The ghosts of Christmas past
The earliest Christmas dinner celebrations I can remember occurred at my maternal grandparent’s home in the west end of Toronto. They just had a small bungalow but somehow my mother, father, me, my mother’s brother, his wife and their two children who were both younger than me, could all squeeze around the dining room table with our hosts.
In my mind, the turkey was the size of my elder cousin and carved with gusto, after much sharpening of the knife on a whetstone, by my grandfather. My grandmother always ate the roundish nub at the turkey’s rear, something she called the pope’s nose. The event took days of preparation and much scurrying to and fro in the kitchen by the ladies. Men were not allowed.
About ten days before Christmas there was always a party for employees where my father worked in Guelph. He was in charge of entertainment for the kids that consisted of a two-reeler including a feature film, numerous shorts, news items and cartoons. The movie canisters arrived by bus a week ahead so my father always previewed everything at home, an evening occasion when I got to invite half a dozen friends. In the days when television was still in its infancy, such an event was much prized.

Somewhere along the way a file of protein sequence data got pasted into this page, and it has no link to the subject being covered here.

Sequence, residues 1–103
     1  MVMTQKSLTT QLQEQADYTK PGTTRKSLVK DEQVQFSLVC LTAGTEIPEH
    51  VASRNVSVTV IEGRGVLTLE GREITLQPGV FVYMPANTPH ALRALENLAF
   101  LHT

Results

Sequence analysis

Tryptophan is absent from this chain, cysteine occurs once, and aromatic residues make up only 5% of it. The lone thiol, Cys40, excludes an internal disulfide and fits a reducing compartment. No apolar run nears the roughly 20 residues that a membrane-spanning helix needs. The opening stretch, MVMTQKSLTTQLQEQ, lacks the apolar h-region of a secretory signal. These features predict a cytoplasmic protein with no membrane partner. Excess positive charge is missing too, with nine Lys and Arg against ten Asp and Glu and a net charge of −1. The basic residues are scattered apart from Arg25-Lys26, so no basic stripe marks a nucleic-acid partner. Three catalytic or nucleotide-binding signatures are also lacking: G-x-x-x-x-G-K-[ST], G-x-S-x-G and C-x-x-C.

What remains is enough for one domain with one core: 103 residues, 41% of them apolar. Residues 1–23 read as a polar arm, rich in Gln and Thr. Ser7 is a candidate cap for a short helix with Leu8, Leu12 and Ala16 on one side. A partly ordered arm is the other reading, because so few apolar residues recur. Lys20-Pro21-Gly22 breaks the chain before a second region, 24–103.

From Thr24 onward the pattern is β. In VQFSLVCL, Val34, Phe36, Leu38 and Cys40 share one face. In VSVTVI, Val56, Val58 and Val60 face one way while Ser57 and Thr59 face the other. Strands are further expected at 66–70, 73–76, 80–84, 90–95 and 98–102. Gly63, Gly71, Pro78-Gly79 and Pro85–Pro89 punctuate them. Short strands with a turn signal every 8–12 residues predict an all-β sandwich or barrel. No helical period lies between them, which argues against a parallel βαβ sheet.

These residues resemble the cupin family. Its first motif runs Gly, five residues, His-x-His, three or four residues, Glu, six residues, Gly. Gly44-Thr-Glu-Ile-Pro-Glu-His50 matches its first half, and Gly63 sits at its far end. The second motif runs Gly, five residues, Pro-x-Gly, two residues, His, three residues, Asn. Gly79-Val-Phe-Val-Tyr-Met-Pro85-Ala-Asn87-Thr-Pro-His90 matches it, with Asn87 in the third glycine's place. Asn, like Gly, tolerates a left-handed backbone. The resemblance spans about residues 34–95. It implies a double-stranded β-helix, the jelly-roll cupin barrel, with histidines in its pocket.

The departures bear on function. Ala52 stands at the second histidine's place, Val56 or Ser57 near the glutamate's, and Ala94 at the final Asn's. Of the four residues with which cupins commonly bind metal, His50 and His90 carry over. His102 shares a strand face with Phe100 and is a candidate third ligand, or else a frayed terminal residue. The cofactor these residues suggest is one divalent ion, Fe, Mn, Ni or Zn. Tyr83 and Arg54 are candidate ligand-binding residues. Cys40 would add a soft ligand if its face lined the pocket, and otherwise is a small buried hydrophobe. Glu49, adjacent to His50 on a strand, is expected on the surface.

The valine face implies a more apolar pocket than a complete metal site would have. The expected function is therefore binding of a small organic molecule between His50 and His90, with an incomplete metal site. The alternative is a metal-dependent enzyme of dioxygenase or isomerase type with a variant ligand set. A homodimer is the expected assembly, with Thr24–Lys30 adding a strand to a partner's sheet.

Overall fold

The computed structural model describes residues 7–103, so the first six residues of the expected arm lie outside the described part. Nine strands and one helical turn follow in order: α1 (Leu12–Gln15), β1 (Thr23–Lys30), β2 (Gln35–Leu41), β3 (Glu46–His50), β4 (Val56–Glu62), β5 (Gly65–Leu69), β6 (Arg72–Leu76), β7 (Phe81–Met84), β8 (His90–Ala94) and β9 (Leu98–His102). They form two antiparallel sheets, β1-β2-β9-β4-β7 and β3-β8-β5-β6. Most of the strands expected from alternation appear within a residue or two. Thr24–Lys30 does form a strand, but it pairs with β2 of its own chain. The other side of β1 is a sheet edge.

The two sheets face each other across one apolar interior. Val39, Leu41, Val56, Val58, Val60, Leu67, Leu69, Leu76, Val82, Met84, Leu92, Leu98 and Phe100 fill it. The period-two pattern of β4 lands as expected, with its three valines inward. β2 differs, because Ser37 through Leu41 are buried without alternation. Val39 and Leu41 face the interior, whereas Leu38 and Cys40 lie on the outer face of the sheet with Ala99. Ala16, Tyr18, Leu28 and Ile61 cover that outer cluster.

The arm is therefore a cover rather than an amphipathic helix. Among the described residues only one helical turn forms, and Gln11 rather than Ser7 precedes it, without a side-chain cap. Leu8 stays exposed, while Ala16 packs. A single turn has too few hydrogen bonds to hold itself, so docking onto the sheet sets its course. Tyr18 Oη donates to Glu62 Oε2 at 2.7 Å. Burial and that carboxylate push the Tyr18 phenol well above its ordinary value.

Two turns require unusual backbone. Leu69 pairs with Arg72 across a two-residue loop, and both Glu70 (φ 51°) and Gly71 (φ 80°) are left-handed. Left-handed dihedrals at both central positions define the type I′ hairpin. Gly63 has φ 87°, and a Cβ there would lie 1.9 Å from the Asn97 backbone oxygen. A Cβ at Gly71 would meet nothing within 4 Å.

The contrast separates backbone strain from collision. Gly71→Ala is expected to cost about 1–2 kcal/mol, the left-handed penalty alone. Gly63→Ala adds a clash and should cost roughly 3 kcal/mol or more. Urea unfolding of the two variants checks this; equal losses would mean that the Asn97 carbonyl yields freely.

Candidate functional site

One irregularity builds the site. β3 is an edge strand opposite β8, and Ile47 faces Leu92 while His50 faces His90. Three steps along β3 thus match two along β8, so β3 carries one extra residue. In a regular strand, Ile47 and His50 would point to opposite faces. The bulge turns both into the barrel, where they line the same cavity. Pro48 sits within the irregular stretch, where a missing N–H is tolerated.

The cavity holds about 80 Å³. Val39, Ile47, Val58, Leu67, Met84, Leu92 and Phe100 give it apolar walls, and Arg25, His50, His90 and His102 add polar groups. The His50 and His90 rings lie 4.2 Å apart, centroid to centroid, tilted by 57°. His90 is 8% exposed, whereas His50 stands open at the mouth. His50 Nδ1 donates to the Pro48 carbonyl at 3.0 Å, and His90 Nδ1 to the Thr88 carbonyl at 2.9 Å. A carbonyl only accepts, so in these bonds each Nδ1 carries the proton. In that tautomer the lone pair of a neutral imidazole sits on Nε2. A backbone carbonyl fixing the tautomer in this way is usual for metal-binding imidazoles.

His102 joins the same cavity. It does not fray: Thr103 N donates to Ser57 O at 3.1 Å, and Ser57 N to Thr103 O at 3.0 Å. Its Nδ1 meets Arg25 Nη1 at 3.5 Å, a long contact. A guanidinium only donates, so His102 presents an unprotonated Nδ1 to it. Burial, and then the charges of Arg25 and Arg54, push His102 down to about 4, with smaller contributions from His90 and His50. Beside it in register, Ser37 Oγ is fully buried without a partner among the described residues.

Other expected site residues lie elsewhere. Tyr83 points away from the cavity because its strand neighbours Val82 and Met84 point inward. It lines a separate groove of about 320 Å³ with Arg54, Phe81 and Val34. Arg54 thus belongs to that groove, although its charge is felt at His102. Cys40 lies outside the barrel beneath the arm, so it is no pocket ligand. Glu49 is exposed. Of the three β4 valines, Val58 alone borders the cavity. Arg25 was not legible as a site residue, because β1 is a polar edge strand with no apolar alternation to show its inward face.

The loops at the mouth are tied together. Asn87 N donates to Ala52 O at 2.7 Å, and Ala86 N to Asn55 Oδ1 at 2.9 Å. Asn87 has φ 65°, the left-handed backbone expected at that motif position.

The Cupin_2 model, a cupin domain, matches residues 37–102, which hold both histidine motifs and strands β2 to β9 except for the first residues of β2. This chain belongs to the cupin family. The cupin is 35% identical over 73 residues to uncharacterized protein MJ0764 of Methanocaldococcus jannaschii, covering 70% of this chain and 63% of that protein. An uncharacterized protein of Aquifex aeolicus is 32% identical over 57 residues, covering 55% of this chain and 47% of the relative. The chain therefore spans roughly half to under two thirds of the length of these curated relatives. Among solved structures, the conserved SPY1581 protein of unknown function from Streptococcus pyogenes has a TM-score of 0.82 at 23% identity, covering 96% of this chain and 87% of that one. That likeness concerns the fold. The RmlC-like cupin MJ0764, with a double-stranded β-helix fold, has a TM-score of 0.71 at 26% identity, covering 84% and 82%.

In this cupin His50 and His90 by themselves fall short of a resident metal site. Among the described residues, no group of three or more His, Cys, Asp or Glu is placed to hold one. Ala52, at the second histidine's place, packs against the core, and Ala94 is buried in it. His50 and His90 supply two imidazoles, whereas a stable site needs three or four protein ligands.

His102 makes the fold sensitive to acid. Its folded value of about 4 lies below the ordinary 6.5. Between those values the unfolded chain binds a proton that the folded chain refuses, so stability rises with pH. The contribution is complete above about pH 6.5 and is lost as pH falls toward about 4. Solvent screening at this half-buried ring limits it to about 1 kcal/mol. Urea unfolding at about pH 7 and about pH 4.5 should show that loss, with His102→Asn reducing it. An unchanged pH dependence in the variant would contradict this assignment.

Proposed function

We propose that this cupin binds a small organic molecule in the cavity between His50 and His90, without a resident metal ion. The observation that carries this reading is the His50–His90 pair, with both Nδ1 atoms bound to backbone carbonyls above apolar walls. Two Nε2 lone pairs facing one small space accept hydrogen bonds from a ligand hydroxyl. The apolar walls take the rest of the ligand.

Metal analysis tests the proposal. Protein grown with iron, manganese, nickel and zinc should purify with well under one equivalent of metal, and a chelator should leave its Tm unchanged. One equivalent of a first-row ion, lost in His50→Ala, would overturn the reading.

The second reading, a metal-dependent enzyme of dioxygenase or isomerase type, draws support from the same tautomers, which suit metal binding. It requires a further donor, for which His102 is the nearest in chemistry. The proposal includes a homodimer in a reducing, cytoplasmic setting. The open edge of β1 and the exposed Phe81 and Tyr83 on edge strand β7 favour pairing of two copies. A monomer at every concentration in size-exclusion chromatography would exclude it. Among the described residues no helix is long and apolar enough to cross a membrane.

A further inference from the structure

In this year of the Covid Christmas, we will be having none of the usual family gatherings for roast beef on Christmas Eve followed by turkey and all the trimmings on Christmas Day. That’s why I’m revelling in such former youthful times as well as recalling Christmas dinners during various adult years spent in London, England, Paris, France, and Washington, D.C.
I imagine there will be many families suffering a similar drought this year. Cousins will not be flying in from some foreign land; in-laws won’t be driving from Ottawa to join the festivities. And that’s okay, too. For me, Christmas has always been as much about times past as times present. This year will be very different in that regard. And not just because there will be fewer gatherings, but because we not only have our fond memories but also the promise and the premise of a better future next year.
So, enjoy, however you’re celebrating. Good cheer at Christmas and good health in 2021.